Home » Creative News »
How Retailer blis is Weathering the Pandemic
When the going gets tough, the tough get creativeby Page Leggett on February 9, 2021
We’re used to hearing about restaurants and retailers that started online or at pop-up locations and then made the leap to brick and mortar. blis did that in reverse.
Like most retailers, blis started small.
“We used to call the original store ‘little blis’ and the newer store ‘big blis,’” said Whitney Ferguson, co-owner of blis, a retail store that moved from Founders Hall to online retail in late 2020. They built such a devoted following that even the recession didn’t destroy them.
But, the pandemic threatened to. Shortly after vacating their Founders Hall space last fall, a Charlotte publication announced that blis had closed for good. Ferguson and her mother, Susan Young (who handles the finances), had to remind people: The new world of the pandemic required many businesses, including blis, to find a new way to make money.
“I used to tell people we survived the recession,” Ferguson said. “I wore that like a badge of honor.” That was before the pandemic changed everything.
Business Owners Have to be Creative
Starting in 2004, uptown workers who needed a birthday, anniversary, graduation or hostess gift – or who wanted a treat for themselves – headed to blis in Founders Hall.
It was a bustling shop. Ferguson and Young loved the business and the busy-ness of it all. They also loved championing the small business creatives whose products they sold.
“I’m not a maker,” Ferguson said. “Even though I’m not talented enough to be making my goods, I’m still creating gifting from those really talented people on the other end. I love working alongside those makers and being a part of that community.”
COVID Changed Everything
When we first began sheltering in place – remember that from a million years ago? – most of us figured it would be for a month or two, and then we’d resume our regular lives.
Ferguson did, too. She thought the order would be lifted, and everyone would go back to work. But when shelter-in-place was lifted, people didn’t return in droves to uptown offices.
Even the few people Ferguson knows who went back to the office part-time told her uptown was a ghost town: “The climate is one where you just don’t come down for coffee anymore.”
blis owners were able to terminate their lease last September. “We realized we just could not recover – not with a 2,000-square-foot store,” Ferguson said. “We were in a really bad situation.”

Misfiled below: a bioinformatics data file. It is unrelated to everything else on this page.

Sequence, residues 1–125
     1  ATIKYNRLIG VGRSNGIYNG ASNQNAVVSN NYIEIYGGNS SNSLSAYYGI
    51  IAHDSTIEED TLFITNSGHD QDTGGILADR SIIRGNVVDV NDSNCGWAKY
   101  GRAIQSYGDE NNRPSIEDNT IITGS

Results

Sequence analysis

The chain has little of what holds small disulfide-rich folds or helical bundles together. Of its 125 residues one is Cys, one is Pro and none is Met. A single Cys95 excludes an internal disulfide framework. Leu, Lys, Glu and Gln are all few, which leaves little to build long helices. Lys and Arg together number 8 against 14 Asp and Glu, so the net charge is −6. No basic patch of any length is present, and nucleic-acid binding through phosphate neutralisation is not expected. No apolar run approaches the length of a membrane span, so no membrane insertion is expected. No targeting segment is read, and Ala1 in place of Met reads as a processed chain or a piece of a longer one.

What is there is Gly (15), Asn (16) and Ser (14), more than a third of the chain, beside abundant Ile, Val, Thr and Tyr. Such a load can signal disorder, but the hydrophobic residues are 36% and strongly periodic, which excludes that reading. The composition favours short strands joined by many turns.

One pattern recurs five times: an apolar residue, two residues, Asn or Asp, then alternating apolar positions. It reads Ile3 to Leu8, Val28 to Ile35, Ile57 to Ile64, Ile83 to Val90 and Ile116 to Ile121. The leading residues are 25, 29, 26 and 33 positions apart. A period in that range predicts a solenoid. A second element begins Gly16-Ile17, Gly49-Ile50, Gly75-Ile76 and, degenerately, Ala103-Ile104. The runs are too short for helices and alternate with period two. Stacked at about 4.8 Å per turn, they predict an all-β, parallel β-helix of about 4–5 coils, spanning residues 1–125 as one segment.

They had to make a change.
‘Luckily, we had Instagram’
“I’d put as much merchandise as I could in tubs, put them in my car and take them home,” she said. “My reaction from the get-go was that, luckily, we already had the platform of Instagram. I decided to come home and keep trying.”
She started posting more pictures on Instagram at @blisuptown and it took off from there.
Since it became an e-tailer, blis has gone from about 900 followers to more than 2,300. Ferguson used Instagram to remind people “You’re going to need puzzles while you’re stuck at home. You’re still going to send someone a birthday gift even though we’re going through all this. People still need to be celebrated.”
Making the switch also required investment in their new digital storefront. If mom and daughter were going to turn their business online-only, they needed a website. (Once again, creatives come to the rescue.)
“We were connected through Charlotte Center City Partners to a wonderful web designer who built our website – www.curatedbyblis.com,” Ferguson said.
“It launched in mid-November, and we couldn’t have done it without web designer Mitchell Phillips Design and photographer Kyo H Nam of KyoHNam.com.”
Popping into New Business Practices
blis doesn’t rely solely on the internet. Ferguson held 22 pop-ups between June and December. Friends hosted socially distanced pop-ups in their driveways; Ferguson hosted in her carport.
Ferguson has had to summon her creative powers over and over again to weather this storm. She began offering “curated by blis boxes,” which she calls “a whole experience in a box.”
To experience a little blis, order the gift boxes Ferguson has put together – there’s one just for snacking, another for celebrating and even a COVID-themed box. Or build your own as a baby gift. You can even send someone happy hour in a box.
“I never wanted a click-to-buy website,” she said. “I can’t compete with Anthropologie and Amazon. That’s why I started the curated boxes – to give people a chance to build a gifting experience.”
Jump In and Learn as You Go
Ferguson has had to figure all this out on the fly.
“The financial part is stressful,” she said. “We have a storage unit full of inventory that’s not quite what people want right now or harder to sell virtually. We used to sell tons of books, and they’re hard to sell now. No one’s buying cards online, and I used to sell tons of cards. We had 10 different card spinners at the store and sold 400 cards a month. It’s been a huge learning curve. It breaks my heart to think of all the vendors I can’t buy from.”
“It’s literally one order at a time, one follower at a time,” Ferguson said.
“I’m doing what I can do and buying very purposefully. I’m buying from companies that are mission-driven. I always tell people: When you buy from me, you’re supporting other small and women-owned businesses.”